Dark Matter by Michelle Paver

dark matterI dare you…

😮 😮 😮 😮 😮

It’s 1937 and war clouds are gathering over Europe. Jack Miller is poor and struggling in a job he hates, so he jumps at the chance to join an expedition to Gruhuken, an abandoned mining settlement in the Arctic. Part scientific expedition, part adventure for the group of upper-class men who are arranging it, for Jack it is an escape and a possible way back into the scientific studies he had to abandon when his father died. But the expedition begins to hit trouble even before they leave London, with a couple of the men having to drop out at the last moment. And the troubles don’t end there – once they are in Gruhuken a series of events mean that eventually Jack is left alone to keep the expedition alive…and the long dark Arctic winter is beginning…and Jack begins to feel he may not be as alone as he thinks…

This is billed as a ghost story, and like the best of those it’s totally amibiguous, not to mention totally terrifying! Is there a malevolent presence haunting Gruhuken, or is it all a product of Jack’s mind? Since the story is told through his journal, his is the only perspective we have, and we see his mind being affected by the vastness of this empty landscape and the ever-deepening darkness. And the loneliness. And the silence. And the ice beginning to freeze his only escape route – the sea…

husky

Did I mention it’s terrifying? There was actually one point late at night where I thought ‘Nope! Not reading that till the sun’s shining tomorrow!’ And yet, what happens? Very little – no gore-fest, no clanking chains or shrieks (except mine), no werewolves, vampires or zombies. It’s all done by a brilliantly executed build-up of psychological terror – from ‘don’t go there’ warnings from the captain of the ship to things barely glanced from the corner of the eye, sensations of a presence, distorted perspectives, and mysterious legends of barbarous cruelty. And all added to some fabulous descriptive writing that puts the reader right into this cold, dark, threatening landscape where the only contact with the outside world is through the fragile valves of Jack’s wireless, and where help would take days to arrive, if at all.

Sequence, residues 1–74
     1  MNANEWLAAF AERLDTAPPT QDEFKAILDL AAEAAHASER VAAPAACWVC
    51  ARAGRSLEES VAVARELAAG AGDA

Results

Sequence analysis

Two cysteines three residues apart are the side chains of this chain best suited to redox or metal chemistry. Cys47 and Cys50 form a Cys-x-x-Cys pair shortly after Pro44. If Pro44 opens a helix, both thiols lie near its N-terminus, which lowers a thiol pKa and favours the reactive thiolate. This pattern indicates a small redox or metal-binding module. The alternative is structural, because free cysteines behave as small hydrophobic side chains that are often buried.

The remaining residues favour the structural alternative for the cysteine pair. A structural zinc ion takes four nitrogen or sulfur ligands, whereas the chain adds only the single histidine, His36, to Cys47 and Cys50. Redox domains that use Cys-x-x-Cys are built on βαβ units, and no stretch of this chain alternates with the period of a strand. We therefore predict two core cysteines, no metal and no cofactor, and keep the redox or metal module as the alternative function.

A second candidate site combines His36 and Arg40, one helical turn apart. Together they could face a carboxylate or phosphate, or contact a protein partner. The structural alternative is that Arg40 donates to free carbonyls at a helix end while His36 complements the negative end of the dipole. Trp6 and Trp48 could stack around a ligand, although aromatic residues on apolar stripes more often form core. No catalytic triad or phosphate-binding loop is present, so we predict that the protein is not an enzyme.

The depiction of Jack’s growing loneliness is superb. At first resentful of his companions’ effortless social superiority, he gradually begins a tentative friendship with Gus, the leader of the group – a friendship that borders on hero-worship. And it’s for Gus’ sake that he tries to keep the failing expedition alive. As a natural loner, he thinks he’ll be fine on his own, but soon learns the difference between being alone in the midst of the teeming city streets of London and the total solitude of his new surroundings. Well, maybe total solitude – or maybe not. (Cue spooky music.)

arctic night

Any regular visitor will know of my aversion to first person present tense narratives. I’ve explained in the past that the reason I usually hate these is because they are used when they’re not appropriate or else they are handled clumsily. This book is an example of how FPPT should be used – Paver handles both person and tense brilliantly, slipping in and out of present and past at exactly the right moments and never once allowing herself to be trapped into a particular tense when it doesn’t suit the narrative. As a result, this achieves its aim of reading like a genuine contemporaneous journal, and should be a compulsory text in all creative writing classes. But only ones that are held in daylight because – did I mention it’s terrifying?

Michelle Paver
Michelle Paver

There are lots of other things I’d love to praise but really this is one where every incident adds to the overall effect so I’ll restrict myself to saying cryptically – loved all the stuff about Jack and the huskies, and loved the way Paver used human contact to increase the effect of the all-pervading loneliness. If you’ve read it you’ll know what I mean, and if you haven’t – do!

I dare you…

* * * * *

Thanks yet again to Lady Fancifull whose brilliant review talked me into this one. (Though I’m deeply concerned that she tried to get me to read it on a dark winter night with the snow whirling and the wind rattling the windows. I thought she liked me…)

Book 1 of my 20 Books of Summer
Book 2 of my 20 Books of Summer

Amazon UK Link
Amazon US Link

55 thoughts on “Dark Matter by Michelle Paver

  1. OOPS I got so overexcited there that I somehow pressed the post comment button when all I was trying to do was hit Caps Unlock as I’d somehow hit caps lock in my enthusiasm.

    I shall probably be moved to a re-read as we turn towards Autumn (I’m clearly made of stronger stuff than you) – – or more masochistic. A perfect Halloween read………..just as long as you live in the city with neighbours all around you. Certainly NOT one to be read if you are renting a holiday cottage in the middle of nowhere.

    I’m delighted you loved it as much as I did. I should have taken bets on your five star, and might have done rather well too, out of it, since our spectacular failure over book accord with The Goldfinch. I’m still trying to work out ways to turn two of my favourite bloggers, you and Jilanne, towards the light of true finchy believers